The Times article offered a blunt summary: “An imbalance of societal power cannot be separated from cradle-to–grave economic inequality.”

JFYNetWorks was founded on the belief that all young people can find their own unique path to success in our dynamic economy– if they acquire the right skills. We have no magic trowel or miracle mortar to tuckpoint the fissures of inequity in the foundations of our society. What we do have is an education program that helps young people develop the skills that open the doors of opportunity.

We still believe that economic empowerment through education is the path to social justice. We will continue to put that belief into practice as long as equality remains a bedrock American value. Forty-four years after our birth under the sign of Justice, we still hold this truth to be self-evident. It’s in our DNA.

Gary Kaplan is the executive director of JFYNetWorks


HOW ARE WE DOING? In our pursuit to serve up content that matters to you, we ask that you take a couple of minutes to let us know how we’re doing? Please click here to be navigated to our JFYNet Satisfaction Survey. Thank you!

Teachers: Impact of COVID-19 on Daily Activities, Students and More

Teacher Perspectives: Shifting to Remote & Distance Learning

MAY 2020 PODCAST – This podcast features educators from Durfee High School in Fall River, Mindess Elementary School in Ashland, and Newton South High School discussing how the shift to remote learning due to the Covid-19 shutdown has impacted daily schedules, allowed some students to thrive, thrown other students off stride, and may create a “new normal” for education in the future.

Math skills. Not just a passing grade requirement, but essential for life after school

These skills are essential for life after school

There are basically two types of people in the world: those who already love math, and those who don’t love it yet. In this webinar, we explore why math skills are important, not just to pass required math classes, but also for jobs and for life after high school in our data-driven society where almost everything eventually turns out to be a numbers game.

Explore how and why these skills are important not just to ensure eventual success in math class, but also are important for jobs and professions, along with the basic living skills necessary once students graduate from high school.


More VIDEOS ON-DEMAND found here.



HOW ARE WE DOING?
In our pursuit to serve up content that matters to you, we ask that you take a couple of minutes to let us know how we’re doing? Please click here to be navigated to our JFYNet Satisfaction Survey. Thank you!

JFYNet staff report on the new COVID-19 normal.

Hero Educators Abound

by JFYNet’s Blended Learning Specialists: Eileen Wedegartner, Greg Cunningham and Cathie Maglio

Eileen Wedegartner

In a COVID-19 update April 2 Governor Baker apologized for not being able to name a specific date when something had happened. “I feel like March 6 to today has been one long day,” he mused. “I can’t keep track of it anymore.”

I knew what he meant. These last few weeks have been a whirlwind when life as we knew it drastically changed. Seemingly overnight, the streets in Boston fell silent and New York, the city that never sleeps, fell into a coma. Baker ordered all schools closed for three weeks and then extended it even longer, to May 4. District leaders, school administrators, teachers, parents and even students are mobilizing to try out learning in different ways. As I watch my own children navigate classroom meet-ups on Zoom and Google Hangouts, I am thankful for the efforts teachers are making to fill the void we in the community feel without school.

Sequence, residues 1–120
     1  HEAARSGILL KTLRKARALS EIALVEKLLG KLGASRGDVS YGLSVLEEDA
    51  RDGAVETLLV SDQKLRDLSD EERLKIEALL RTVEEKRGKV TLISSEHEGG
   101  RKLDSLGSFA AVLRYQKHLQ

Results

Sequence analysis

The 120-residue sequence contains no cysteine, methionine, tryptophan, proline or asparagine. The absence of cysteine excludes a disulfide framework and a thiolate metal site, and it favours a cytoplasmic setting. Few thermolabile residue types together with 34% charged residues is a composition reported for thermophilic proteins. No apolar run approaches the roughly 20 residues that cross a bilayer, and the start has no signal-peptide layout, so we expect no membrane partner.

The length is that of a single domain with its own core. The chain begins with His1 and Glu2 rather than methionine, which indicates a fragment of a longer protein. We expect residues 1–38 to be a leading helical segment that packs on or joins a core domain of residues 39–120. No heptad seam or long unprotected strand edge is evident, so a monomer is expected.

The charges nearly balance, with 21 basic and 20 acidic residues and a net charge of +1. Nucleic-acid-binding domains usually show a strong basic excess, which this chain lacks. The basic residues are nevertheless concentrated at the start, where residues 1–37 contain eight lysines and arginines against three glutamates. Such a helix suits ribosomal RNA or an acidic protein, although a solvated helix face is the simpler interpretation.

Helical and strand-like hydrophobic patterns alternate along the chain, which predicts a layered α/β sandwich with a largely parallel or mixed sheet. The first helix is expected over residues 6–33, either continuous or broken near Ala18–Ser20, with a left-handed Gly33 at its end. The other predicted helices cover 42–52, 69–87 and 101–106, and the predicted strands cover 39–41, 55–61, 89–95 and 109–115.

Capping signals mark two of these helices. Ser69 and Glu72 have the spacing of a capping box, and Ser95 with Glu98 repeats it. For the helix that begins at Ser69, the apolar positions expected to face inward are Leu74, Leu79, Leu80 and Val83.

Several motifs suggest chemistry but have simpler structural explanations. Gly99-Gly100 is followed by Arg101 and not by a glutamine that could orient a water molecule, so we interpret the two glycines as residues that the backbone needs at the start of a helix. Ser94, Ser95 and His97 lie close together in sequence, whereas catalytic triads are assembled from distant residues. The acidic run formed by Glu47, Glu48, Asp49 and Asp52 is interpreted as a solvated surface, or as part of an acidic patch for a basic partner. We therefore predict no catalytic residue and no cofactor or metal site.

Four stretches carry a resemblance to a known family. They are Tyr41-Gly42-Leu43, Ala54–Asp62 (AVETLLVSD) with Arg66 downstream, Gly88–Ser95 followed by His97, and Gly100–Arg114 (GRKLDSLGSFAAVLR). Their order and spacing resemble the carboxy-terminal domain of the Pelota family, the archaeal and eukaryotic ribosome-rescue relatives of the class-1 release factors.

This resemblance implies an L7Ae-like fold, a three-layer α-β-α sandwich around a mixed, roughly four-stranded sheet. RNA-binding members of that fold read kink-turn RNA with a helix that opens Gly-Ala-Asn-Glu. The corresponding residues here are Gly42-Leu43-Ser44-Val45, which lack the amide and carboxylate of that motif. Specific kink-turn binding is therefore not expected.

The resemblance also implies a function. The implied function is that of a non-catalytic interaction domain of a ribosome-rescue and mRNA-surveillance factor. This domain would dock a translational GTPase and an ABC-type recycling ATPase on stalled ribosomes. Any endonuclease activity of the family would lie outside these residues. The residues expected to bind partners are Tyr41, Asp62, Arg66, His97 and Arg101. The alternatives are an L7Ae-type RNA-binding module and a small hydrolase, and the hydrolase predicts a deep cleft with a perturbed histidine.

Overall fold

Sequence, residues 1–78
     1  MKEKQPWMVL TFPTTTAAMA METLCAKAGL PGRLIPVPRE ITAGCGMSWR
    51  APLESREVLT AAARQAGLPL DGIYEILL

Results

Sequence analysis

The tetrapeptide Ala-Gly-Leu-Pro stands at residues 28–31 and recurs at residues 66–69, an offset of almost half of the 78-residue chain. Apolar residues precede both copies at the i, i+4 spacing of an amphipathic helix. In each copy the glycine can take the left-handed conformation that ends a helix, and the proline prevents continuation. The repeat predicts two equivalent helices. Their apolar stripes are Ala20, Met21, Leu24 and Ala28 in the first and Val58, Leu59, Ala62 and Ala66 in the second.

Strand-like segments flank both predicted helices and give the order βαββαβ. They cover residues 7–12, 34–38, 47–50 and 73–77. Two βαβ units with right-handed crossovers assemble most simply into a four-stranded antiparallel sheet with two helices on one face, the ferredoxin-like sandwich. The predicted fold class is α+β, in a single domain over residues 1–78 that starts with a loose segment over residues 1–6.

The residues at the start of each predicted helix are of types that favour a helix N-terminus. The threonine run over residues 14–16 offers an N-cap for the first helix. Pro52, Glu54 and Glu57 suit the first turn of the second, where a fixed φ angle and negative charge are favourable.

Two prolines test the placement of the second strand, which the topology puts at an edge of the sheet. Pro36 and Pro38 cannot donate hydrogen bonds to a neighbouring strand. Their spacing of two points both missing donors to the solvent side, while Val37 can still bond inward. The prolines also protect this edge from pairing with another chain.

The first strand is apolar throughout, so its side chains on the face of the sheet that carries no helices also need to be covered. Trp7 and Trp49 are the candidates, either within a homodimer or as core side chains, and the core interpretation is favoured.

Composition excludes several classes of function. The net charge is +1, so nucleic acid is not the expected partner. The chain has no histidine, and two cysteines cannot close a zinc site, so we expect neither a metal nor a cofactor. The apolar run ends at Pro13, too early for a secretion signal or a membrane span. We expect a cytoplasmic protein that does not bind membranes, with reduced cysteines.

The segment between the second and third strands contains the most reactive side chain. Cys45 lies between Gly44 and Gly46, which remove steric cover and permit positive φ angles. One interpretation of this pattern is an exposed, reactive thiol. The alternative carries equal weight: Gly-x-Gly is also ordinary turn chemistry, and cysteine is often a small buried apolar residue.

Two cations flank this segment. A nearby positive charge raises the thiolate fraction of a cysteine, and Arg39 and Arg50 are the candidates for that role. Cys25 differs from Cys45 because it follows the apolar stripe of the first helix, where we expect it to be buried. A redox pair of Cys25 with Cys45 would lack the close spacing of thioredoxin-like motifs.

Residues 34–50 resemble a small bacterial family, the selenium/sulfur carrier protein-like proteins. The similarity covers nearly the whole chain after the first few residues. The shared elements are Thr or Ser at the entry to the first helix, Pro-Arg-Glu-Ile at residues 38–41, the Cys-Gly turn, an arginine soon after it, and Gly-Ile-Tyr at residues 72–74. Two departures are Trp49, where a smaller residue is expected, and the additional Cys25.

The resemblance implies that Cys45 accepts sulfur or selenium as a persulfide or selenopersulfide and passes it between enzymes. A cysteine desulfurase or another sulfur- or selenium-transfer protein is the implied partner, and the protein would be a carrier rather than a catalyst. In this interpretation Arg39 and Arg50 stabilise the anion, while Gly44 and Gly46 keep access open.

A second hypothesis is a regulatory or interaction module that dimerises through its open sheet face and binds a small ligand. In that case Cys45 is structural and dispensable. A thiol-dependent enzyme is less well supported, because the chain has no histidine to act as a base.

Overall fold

From face-to-face to online classes with Dr. Michael Marrapodi

Tips and Strategies for Teachers Transitioning to Online Courses

MARCH 2020 PODCAST – Today’s podcast will provide some tips and strategies for teachers transitioning to online courses. It features Dr. Michael Marrapodi, Dean of Online Programming at Cambridge College. This podcast was created by JFYNetWorks, a Boston-based nonprofit provider of blended learning programs to schools. JFY’s blended instructional support programs build skills and help raise individual and school performance measures. JFY brings online assessments and curriculum into the classroom and works with teachers to provide individualized instruction to help students achieve measured skill gains.

In response to the current crisis, JFY is now offering its online curriculum and teacher support remotely to help teachers sustain instruction during the shutdown. For more information on JFYNet‘s Remote Learning contact Greg Cunningham.

Teachers often wonder whether an online course can be as effective as a face to face course. As Dr. Marrapodi explains, the potential is absolutely there.

How to log into Mathspace, Online Learning

ON-DEMAND VIDEO brought to you by JFYNetWorks

DEAR JFYNet Partner School Students,

If you need help logging in and are unable to contact your teacher, you can email Greg at GCunningham@JFYNet.org. Be sure to include your full name, your school and teacher’s name as well as the course name.

THANK YOU,

Team JFYNetWorks

How to log into Achieve3000, online learning with JFYNet

ON-DEMAND VIDEO brought to you by JFYNetWorks

DEAR JFYNet Partner School Students,

If you need help logging in and are unable to contact your teacher, you can email Greg at GCunningham@JFYNet.org. Be sure to include your full name, your school and teacher’s name as well as the course name.

THANK YOU,
Team JFYNetWorks

Next Generation ELA: MCAS 2.0, Testing Strategies and Review [WEBINAR]

Preparation for English Language Arts in the Next Gen ELA MCAS

This recorded webinar will provide specific strategies for students to use during online testing, including a review of the technology enhanced format used by the English/Language Arts MCAS test and an explanation on how to make the best use of tools available when answering questions. Strategies are provided to prepare students for the specific types of questions featured on the upcoming English/Language Arts MCAS test.